firmly in place has been confirmed through an abundance of historical evidence.
The way to prohibit flight of capital abroad
Opinion Leaders' Digest 99-13
Date: Apr 9, 1999
Author : Han-Eung Kim, Former Deputy Director of Finance Training Center
The way to prohibit flight of capital abroad
According to a recently arrived foreign magazine, the Erricson, one of the famous mobile phone manufacturer in Sweden, plans to move its headquarters to London, and the ABB, the jointly owned company by Sweden and Switzerland is considering for similar decision. The Allianz, Germany's no. 1 insurance company, also tries to move its international business abroad. The main reason for changing their business place is to get out of high tax.
Failure of Britain's Labor Party
At this frontierless age for enterprisers, it is natural that companies are looking for tax haven to avoid high tax. And in 1970's, though the move of company or capital was strictly controlled, there was same tendency to make away with business abroad in order to escape from high tax, in different forms from today's.
We can find an apt instance in Britain during 1974 to 1979. At that time the party in power was Labor Party led by Prime Minister Wilon and his successor Prime Minister Callahan. They openly declared their policies to "soak the spots off the rich". The tax rates were extremely high and the foreign exchange was rigidly controlled to avoid capital flow abroad by the rich.
However, the result was very disappointing to the ruling party. Then the antagonistic atmosphere towards the rich was surging in London, and accordingly the technique of money laundry was intensively advanced. Once it was even wondered by reaching artistic stage, so the rich had no difficulty in escaping their money overseas by making use of such techniques.
The novel ideas for money laundry
'The Laundrymen' described marvelous ways of money laundry developed from former ages and thereafter. For example, here is one of the extraordinary ideas used for escaping small fund.
One man was struck with a bright idea to carry money abroad. He planned to pretend seriously wounded with his legs and wear the plaster cast with money around leg. To make sure of his excellent scheme, he booked his flight and called airport authority to reserve a wheel chair by excusing his broken legs.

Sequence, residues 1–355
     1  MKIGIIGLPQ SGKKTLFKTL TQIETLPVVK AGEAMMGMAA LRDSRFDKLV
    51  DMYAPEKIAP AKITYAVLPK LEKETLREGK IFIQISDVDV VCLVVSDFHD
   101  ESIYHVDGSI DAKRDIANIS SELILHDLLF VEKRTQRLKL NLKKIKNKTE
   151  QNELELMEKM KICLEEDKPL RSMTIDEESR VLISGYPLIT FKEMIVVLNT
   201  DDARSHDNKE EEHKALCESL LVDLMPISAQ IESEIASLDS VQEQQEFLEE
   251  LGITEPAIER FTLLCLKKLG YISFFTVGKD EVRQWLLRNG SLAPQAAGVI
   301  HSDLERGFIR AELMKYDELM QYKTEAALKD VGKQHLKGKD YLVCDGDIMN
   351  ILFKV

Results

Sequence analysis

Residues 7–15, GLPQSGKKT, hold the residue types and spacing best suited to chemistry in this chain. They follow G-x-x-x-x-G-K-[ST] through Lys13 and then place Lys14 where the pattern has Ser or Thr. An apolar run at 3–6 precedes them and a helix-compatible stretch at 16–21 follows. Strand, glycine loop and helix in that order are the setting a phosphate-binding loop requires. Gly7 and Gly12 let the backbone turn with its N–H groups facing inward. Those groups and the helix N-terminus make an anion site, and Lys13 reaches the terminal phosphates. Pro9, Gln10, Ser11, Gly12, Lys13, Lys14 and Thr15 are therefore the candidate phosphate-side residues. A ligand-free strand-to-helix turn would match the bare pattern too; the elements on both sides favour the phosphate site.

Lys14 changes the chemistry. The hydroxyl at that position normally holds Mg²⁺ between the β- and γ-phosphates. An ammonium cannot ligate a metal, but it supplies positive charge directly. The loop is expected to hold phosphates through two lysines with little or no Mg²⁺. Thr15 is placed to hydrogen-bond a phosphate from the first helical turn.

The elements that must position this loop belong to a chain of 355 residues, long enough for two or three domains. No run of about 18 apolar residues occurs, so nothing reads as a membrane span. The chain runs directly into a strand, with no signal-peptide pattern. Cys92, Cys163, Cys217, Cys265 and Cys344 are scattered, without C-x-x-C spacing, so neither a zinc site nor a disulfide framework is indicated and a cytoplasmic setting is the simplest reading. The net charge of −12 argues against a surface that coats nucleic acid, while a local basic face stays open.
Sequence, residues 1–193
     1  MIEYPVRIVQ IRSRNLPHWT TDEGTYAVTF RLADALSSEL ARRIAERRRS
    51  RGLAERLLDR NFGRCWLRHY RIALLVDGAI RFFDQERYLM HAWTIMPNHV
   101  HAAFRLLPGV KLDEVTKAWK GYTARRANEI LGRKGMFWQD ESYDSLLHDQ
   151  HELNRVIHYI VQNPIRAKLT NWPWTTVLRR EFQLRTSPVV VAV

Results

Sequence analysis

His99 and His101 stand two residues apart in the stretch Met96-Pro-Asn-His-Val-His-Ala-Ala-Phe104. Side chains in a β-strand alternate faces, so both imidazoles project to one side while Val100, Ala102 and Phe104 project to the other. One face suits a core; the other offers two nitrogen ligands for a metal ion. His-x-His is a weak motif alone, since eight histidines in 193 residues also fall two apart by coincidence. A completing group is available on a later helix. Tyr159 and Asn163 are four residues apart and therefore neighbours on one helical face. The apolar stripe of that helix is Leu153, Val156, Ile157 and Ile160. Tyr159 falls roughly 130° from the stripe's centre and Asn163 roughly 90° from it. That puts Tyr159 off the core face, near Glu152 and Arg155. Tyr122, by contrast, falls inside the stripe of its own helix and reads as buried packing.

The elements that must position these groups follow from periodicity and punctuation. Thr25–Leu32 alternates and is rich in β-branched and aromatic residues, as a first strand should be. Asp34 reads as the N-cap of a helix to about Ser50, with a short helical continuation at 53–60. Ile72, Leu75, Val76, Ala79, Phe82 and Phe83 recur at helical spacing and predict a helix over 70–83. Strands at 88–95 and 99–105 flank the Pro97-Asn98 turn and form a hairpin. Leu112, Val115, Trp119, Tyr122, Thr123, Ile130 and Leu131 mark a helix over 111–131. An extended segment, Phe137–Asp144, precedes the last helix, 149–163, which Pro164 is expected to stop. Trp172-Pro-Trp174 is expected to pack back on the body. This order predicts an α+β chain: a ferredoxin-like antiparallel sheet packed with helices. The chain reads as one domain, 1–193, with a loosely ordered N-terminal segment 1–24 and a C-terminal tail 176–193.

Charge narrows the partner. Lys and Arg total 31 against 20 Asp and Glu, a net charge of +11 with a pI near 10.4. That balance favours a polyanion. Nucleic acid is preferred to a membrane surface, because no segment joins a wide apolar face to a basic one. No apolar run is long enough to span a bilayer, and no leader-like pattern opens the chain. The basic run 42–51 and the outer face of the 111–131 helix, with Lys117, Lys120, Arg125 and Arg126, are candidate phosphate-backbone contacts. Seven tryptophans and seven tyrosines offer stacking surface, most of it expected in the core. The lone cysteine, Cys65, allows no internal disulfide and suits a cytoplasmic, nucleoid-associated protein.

But on the very day of his deparature, the airport authority received a mysterious call informing that somebody was trying to carry a lot of money in bandage. As a matter of course, the airport official wanted to inspect the man wearing the plaster cast especially.
The airport official requested to remove the bandage, but the man strongly rejected and claimed to consult with his lawyer. His lawyer arrived and heated argument was continued. Finally the lawyer was persuaded and advised his client to accept the body search. The flight already left, and feeling the world against him and being disappointed by his lawyer, he had to allow the body search helplessly.
To their astonishment, even a penny was not found in the bandage. Of course, the airport official had to apologize hundred times. The man declared openly to make a complaint against the official, airliner, and even the government for violating human right and he totally lost his temper and left the airport after noting the related names.
The very next day he arrived at the airport with the plaster cast again. Of course, no airport official dared to search his body and rather had to treat him with the best kindness to escort him into the plane. Whether he really carried his money with himself or how much money was carried is unknown.
This kind of carrying money with oneself cannot be so helpful for escaping big capital. To move big money abroad, the commodity exchange was used. The money laundryman establishes a company inside and outside of the country to deal with the commodity exchange in London.
Then the person who wishes to escape capital abroad opens an account with the money laundryman's headquarters in London and the one who is supposed to receive money (This can be a ghost created by the money laundryman) opens an account with overseas branch of money laundryman. Next, the business relation between two starts through the commodity exchange by purchasing and selling coffee or sugar for instance. The person inside country and the person abroad continue to buy and sell coffee or sugar, and the person inside country sustains a loss almost continuously and the person overseas makes profit successfully.